Let's put the shoe on the other foot. Please forgive me if I offend you. What the **** do you know about sailing?
We old timers have been doing it for 40 or more years. We've taken all the courses, attended all the seminars, read all the books, discussed every aspect of sailing and seamanship with all the best sailors we've ever known, and, believe me, it'll take you 40 years to learn what we know. While you're working your tail off grinding winches
in a blow, we'll be tailing our winches
mostly with our bare hands, because we've learned how to do it quickly and efficiently without working ourselves to death. When you young guys are sprinting around the foredeck with nary a concern for the possibility that you might fall off the boat, we're smart enough to tether ourselves securely to a jackline or a piece of hardware that is throughbolted to the deck. Which one of us is at greater risk of falling off the boat?
Sailing isn't particularly dangerous or physically demanding. If it was dangerous, you wouldn't see so many people sailing with their families, risking the lives of their spouses and children. Sailing is not a physical sport. It's a cerebral sport. It requires knowledge rather than physical strength or agility. The more you know, the better you are at it, and the safer you are.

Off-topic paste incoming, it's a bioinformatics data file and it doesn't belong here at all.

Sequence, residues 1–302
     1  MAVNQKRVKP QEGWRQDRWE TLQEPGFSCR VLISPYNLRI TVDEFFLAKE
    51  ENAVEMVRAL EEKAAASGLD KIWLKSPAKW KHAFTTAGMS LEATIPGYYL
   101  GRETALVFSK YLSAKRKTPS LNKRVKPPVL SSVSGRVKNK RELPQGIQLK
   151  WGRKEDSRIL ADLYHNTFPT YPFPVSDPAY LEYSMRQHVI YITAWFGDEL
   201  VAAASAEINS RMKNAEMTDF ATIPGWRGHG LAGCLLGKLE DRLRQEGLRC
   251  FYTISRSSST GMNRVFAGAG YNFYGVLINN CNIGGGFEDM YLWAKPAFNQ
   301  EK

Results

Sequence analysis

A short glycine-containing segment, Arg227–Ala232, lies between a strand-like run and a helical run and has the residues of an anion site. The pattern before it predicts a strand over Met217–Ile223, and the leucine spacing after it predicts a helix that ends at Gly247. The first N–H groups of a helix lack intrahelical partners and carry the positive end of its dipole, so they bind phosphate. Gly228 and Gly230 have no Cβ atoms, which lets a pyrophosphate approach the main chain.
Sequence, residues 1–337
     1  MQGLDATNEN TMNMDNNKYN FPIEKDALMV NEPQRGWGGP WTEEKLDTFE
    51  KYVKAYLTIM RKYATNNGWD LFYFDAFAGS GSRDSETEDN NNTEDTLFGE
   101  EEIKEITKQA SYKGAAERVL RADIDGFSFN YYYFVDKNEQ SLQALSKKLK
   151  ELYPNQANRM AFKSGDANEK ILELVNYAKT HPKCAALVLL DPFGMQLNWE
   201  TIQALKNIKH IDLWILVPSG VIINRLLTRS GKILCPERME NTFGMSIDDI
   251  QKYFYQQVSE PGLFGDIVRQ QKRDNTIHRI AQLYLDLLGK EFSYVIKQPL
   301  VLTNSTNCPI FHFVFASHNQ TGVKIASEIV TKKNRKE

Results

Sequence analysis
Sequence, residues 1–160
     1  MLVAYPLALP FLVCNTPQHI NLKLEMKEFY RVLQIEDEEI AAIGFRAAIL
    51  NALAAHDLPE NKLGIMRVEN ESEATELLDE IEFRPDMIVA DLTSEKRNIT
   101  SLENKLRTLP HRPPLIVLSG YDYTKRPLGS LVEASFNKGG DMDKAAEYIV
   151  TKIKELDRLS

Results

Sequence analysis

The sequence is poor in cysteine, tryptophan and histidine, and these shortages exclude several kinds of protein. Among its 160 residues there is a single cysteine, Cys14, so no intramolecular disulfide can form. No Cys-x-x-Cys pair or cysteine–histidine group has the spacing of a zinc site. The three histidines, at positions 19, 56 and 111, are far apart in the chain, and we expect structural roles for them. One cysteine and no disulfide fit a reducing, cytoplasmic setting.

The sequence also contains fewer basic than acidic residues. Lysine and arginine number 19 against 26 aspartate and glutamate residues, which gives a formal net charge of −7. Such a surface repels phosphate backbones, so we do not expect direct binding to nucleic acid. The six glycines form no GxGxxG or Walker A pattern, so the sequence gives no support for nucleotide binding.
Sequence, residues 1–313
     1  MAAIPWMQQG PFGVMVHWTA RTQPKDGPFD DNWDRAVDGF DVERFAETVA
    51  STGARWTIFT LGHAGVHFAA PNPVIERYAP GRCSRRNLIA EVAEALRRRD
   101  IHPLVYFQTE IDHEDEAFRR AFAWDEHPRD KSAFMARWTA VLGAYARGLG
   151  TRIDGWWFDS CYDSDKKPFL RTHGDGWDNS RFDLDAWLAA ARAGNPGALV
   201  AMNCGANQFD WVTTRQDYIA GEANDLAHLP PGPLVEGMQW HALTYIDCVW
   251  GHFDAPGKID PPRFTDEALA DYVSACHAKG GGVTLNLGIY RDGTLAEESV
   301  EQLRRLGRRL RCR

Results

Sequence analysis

I attended a seminar last year. The principal speaker was an older man who has raced and cruised across the Atlantic and elsewhere many times. He mentioned that he has a heart condition. He told us he was preparing for another Atlantic crossing. During a break, I asked him how he deals with the possibility that he might have a heart attack at sea. He said he has a checkup before he leaves, takes medications with him, and just doesn't worry about it. At our age, we have a choice. We can either stop sailing and retire to our family room and sit in front of a tv and wait for death to take us, or we can forget about it and do what we love doing for as long as the good Lord permits us to do it. Which choice would you make?